It is undisputed that AUSA Conway did not retract any of his prior statements that Rochelle Roscoe would be called as a witness at trial prior to the entry of the guilty pleas by any of the Defendants. Relevant here, Smith entered his guilty pleas to counts of bank fraud, money laundering conspiracy and failing to file tax returns on Monday, February 23, 2015 in a proceeding starting at 9:00 a.m. and ending at 10:05 a.m. (Docket No. 388). AUSA Shaun Sweeney handled this hearing on behalf of the Government and SA Avolia attended in person. (Docket No. 387). (AUSA Conway did not attend). Ratchkauskas and Svaranowic changed their pleas to guilty in separate hearings held on February 24, 2015 - both pled guilty to bank fraud and Ratchkauskas also pled guilty to money laundering conspiracy. (Docket Nos. 391; 394). Kubini pled guilty to bank fraud, money laundering conspiracy and filing false tax returns the following day, February 25, 2015. (Docket No. 397).

         C. Relevant Sentencing Related Proceedings

         At the conclusion of the change of plea proceedings for each Defendant, the Court issued standard presentence orders, scheduling their respective sentencings on different dates/times during July of 2015. (Docket Nos. 389 (Smith sentencing set for July 10, 2015); 392 (Ratchkauskas sentencing set for July 17, 2015); 395 (Svaranowic sentencing set for July 24, 2015); 398 (Kubini sentencing set for July 31, 2015)). However, during the change of plea proceeding for Ratchkauskas, AUSA Conway advised the Court that he would be requesting that multiple days of joint hearings be scheduled for the purpose of resolving anticipated sentencing enhancement disputes between the parties. (Docket No. 402 at 26 ("I think with all four of these defendants, we should have probably two days' worth of hearings on the applicability of enhancements where we anticipate presenting evidence related to, among other things, loss, and victim-related enhancements that are potentially applied here that I anticipate there being dispute about.")). The Court did not immediately act on this request deferring until it received and reviewed the presentence investigation reports as to each of the Defendants and the parties' positions in response.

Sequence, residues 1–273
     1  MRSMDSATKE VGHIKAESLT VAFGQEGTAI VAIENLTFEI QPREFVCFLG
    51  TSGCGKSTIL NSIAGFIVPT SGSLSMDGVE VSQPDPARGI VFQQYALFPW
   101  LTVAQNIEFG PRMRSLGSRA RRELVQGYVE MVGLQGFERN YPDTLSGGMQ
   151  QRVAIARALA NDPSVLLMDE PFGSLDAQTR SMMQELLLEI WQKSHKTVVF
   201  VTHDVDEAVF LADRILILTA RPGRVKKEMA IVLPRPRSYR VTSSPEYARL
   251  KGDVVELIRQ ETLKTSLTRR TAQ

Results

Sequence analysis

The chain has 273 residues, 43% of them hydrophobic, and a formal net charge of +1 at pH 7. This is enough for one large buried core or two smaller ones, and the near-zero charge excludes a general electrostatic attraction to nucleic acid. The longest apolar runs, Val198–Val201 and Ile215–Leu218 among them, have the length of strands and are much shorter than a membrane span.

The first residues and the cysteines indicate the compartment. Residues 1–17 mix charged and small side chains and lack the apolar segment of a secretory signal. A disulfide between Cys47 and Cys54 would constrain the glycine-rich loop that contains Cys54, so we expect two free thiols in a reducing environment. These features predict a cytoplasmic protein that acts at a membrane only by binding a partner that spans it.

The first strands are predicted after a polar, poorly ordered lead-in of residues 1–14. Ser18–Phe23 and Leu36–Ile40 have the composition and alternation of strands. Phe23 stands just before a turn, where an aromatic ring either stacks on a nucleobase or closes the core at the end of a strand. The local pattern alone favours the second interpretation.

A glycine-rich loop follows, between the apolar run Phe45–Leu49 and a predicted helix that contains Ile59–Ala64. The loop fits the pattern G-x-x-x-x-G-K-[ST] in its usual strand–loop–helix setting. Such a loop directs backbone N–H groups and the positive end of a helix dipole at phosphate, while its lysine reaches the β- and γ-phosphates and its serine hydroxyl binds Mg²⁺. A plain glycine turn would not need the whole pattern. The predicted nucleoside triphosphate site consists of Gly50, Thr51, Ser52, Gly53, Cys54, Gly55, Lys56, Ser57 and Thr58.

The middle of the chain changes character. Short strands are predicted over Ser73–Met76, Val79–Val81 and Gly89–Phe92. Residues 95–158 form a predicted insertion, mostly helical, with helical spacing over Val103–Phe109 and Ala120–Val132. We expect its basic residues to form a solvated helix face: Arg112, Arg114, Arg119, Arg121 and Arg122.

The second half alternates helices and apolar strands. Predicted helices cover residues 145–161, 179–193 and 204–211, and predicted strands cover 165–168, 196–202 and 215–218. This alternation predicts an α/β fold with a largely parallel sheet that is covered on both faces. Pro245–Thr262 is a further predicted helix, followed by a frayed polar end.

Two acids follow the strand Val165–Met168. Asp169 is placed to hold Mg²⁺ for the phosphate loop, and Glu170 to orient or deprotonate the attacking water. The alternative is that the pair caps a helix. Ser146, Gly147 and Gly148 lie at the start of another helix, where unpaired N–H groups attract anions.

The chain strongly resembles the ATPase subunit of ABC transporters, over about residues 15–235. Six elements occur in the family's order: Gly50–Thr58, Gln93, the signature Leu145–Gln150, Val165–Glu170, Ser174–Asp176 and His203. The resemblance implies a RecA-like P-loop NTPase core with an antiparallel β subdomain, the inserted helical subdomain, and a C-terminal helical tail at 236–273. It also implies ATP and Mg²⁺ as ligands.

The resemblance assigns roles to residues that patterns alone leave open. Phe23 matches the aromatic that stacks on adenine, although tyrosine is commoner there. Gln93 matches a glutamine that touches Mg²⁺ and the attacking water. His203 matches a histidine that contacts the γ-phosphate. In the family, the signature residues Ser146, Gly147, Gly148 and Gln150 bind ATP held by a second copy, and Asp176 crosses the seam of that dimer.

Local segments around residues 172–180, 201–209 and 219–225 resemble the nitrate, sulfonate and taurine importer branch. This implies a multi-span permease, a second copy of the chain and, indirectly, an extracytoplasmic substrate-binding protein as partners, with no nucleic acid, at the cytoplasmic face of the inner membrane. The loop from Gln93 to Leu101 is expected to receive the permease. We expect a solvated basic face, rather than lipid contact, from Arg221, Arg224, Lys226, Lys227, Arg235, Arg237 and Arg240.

In the interim, Ratchkauskas was charged with criminal contempt and falsification of a passport form via a criminal complaint filed at Magistrate Case No. 15-240. He was arrested and detained on March 4, 2015. (Docket Nos. 399; 401). This Court held revocation proceedings at Crim. No. 11-14 on March 9, 2015, at which time Ratchkauskas' bond was revoked, after the Court found that he had violated the conditions of his bond. (Docket Nos. 403; 404; 405). To this end, Ratchkauskas had traveled outside of the jurisdiction on multiple occasions without leave of court and he appeared to be a flight risk given his procurement of an Israeli passport during 2012 and his more recent attempt to obtain an expedited United States passport. (Docket Nos. 404; 405). Ratchkauskas has been in custody since that time.

         As part of the presentence investigation process, AUSA Conway sent a lengthy submission to the Probation Office on March 11, 2015 setting forth its factual proffer of the offense conduct, relevant conduct and the sentencing computations for the Defendants, including information relevant to Roscoe. (Govt. Ex. AA). Upon receipt of this pleading, Smith's counsel renewed his discovery requests once again, stating:

Please consider this our request for all information, statements, materials, documentation or evidence that could support a defense position that any of the enhancements sought by the government may not apply to Mr. Smith, as required by internal DOJ guidelines, statutes, the U.S. Constitution, and case law including Brady, Giglio, and their progeny (all of which apply with equal force to factors that affect sentencing). This request includes a request that the government specifically identify such materials even if the government contends that it previously made such materials available.

(Docket No. 614 at 9). AUSA Conway did not respond to this request. (Id. at 9, n.3).

         On May 12, 2015, Smith moved to continue his sentencing hearing and related due dates for presentencing submissions as his counsel was scheduled to take a medical leave. (Docket No. 416). In response, AUSA Conway reiterated his request that the Court schedule joint hearings on disputed sentencing enhancements and restitution. (Docket No. 419 ("The government, however, would make one request in that regard. Many of the sentencing issues - loss and restitution amounts, the vulnerable victim enhancement, and other enhancements - may require lengthy hearings and are common among many of the defendants. Thus, the government anticipates requesting joint hearings on those enhancements to allow for the most efficient presentation of that evidence.")). Svaranowic joined Smith's motion to continue and the Court held a status conference to discuss the matter. (Docket Nos. 424; 425). Ultimately, the Court agreed to schedule the requested hearing and entered an Order on May 19, 2015, setting this matter for a joint-hearing on October 7, 2015 and October 8, 2015.[10] (Docket No. 425). Ratchkauskas later objected to this procedure; but the Court overruled his position during a telephone conference. (Docket Nos. 431; 435).